Questions Frequently Asked Pertaining to Clinical Trials

If you are considering playing a vital role in the advancement of medicine and medical technology by embarking on your first experience as a clinical trial volunteer, you most likely have a few questions about clinical research and the clinical trial process. For your convenience, the medical and research professionals at Velocity Clinical Research have put together a list of frequently asked questions and answers that may help…

 

What is a clinical trial?

First, if you are new to the entire clinical trial process, you may want a detailed explanation of what clinical research actually entails. Basically, new medication, vaccines, medical devices and other medical technology can only be made available to the general population after extensive laboratory research. Clinical trials are an important part of that research, which is used to determine the efficacy of treatments and ensure the safety of patients. Clinical testing often begins in animals and may involve years of research before testing progresses to humans and government approval is finally granted for use within the general public.

Once a drug or device is approved by the Food and Drug Administration for research and testing in humans, there will typically be four phases of clinical trials including the involvement of many volunteers and with the entire four phase process possibly lasting over the course of several years. Each of the four phases of a clinical trial is considered a separate trial and is scrutinized by the Food and Drug Administration before progressing to the next clinical trial phase.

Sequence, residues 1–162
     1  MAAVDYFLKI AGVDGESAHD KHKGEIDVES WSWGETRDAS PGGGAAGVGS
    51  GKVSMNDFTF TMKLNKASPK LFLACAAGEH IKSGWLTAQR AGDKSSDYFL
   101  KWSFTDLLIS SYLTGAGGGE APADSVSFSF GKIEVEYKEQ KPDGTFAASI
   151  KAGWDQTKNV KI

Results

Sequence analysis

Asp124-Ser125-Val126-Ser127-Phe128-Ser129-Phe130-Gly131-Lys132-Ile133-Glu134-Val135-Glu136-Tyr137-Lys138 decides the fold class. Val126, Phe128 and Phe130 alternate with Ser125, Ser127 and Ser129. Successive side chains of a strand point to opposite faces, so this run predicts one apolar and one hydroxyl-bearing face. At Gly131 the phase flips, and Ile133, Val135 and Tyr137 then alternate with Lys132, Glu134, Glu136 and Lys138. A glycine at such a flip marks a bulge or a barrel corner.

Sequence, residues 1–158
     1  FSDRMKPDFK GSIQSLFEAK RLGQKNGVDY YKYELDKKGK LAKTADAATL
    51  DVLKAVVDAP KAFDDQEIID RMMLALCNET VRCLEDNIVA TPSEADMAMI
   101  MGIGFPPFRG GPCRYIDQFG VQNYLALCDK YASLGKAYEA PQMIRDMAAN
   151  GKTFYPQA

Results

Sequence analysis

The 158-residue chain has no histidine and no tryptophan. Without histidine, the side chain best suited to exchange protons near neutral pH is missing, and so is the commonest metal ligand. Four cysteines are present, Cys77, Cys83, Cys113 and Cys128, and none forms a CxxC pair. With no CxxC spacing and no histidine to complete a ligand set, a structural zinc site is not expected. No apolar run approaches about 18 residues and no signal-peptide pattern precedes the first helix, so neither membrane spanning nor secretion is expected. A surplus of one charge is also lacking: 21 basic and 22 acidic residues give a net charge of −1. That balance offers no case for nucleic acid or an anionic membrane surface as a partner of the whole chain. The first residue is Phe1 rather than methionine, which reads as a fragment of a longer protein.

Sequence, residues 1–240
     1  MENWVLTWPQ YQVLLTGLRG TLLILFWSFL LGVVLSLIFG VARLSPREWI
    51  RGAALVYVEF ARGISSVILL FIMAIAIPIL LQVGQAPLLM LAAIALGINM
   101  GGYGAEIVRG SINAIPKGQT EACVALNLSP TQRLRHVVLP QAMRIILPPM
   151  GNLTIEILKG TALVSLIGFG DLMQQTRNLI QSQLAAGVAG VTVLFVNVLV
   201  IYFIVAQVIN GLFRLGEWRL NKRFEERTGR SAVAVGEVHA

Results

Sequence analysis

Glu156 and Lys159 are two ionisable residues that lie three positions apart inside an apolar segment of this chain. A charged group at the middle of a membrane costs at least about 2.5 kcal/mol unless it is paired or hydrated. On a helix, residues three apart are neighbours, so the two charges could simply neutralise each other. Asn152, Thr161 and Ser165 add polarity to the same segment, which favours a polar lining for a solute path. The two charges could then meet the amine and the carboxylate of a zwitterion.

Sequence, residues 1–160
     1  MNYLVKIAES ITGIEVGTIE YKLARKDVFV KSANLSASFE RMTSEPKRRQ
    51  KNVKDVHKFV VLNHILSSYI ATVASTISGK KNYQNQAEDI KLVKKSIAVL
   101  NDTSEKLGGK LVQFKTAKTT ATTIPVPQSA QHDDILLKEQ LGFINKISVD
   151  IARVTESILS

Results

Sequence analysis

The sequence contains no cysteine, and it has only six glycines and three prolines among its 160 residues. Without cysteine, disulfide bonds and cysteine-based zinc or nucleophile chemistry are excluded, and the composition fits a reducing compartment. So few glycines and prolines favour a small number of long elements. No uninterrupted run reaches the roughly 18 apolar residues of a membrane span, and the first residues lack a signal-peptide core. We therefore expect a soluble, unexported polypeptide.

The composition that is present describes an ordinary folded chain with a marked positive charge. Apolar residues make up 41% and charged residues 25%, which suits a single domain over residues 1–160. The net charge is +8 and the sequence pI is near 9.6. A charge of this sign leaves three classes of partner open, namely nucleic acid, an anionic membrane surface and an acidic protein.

How do clinical trials work?

You might also want some specifics detailing the inner workings of clinical trials, so here is an example of the way your clinical trial might work. As a clinical trial volunteer, you may be assigned to a particular study group. Some study groups may receive investigational treatments, while others may receive placebos (placebo – a harmless, inactive medicine or procedure that has no therapeutic effect and is used as a control in testing) or treatments already approved for use. During the clinical trial, neither the volunteers nor the medical and research staff members are aware which patients receive which. The purpose of this is to keep testing, observation and medical attention completely objective regardless of what treatment they receive. The health of clinical trial volunteers is vigilantly monitored during the course of and often after the clinical trial.

What is required of a clinical trial volunteer?

Clinical trial participants may be required to submit to a physical examination and a medical history review before actually being enrolled as a clinical study volunteer. For participation as a volunteer within a clinical trial, there is no insurance required. All study procedures, treatments and medical care provided within your clinical trial are free. Additionally, clinical trial participants may be compensated for their time and travel expenses. 

Is there anything important I should do before my clinical trial?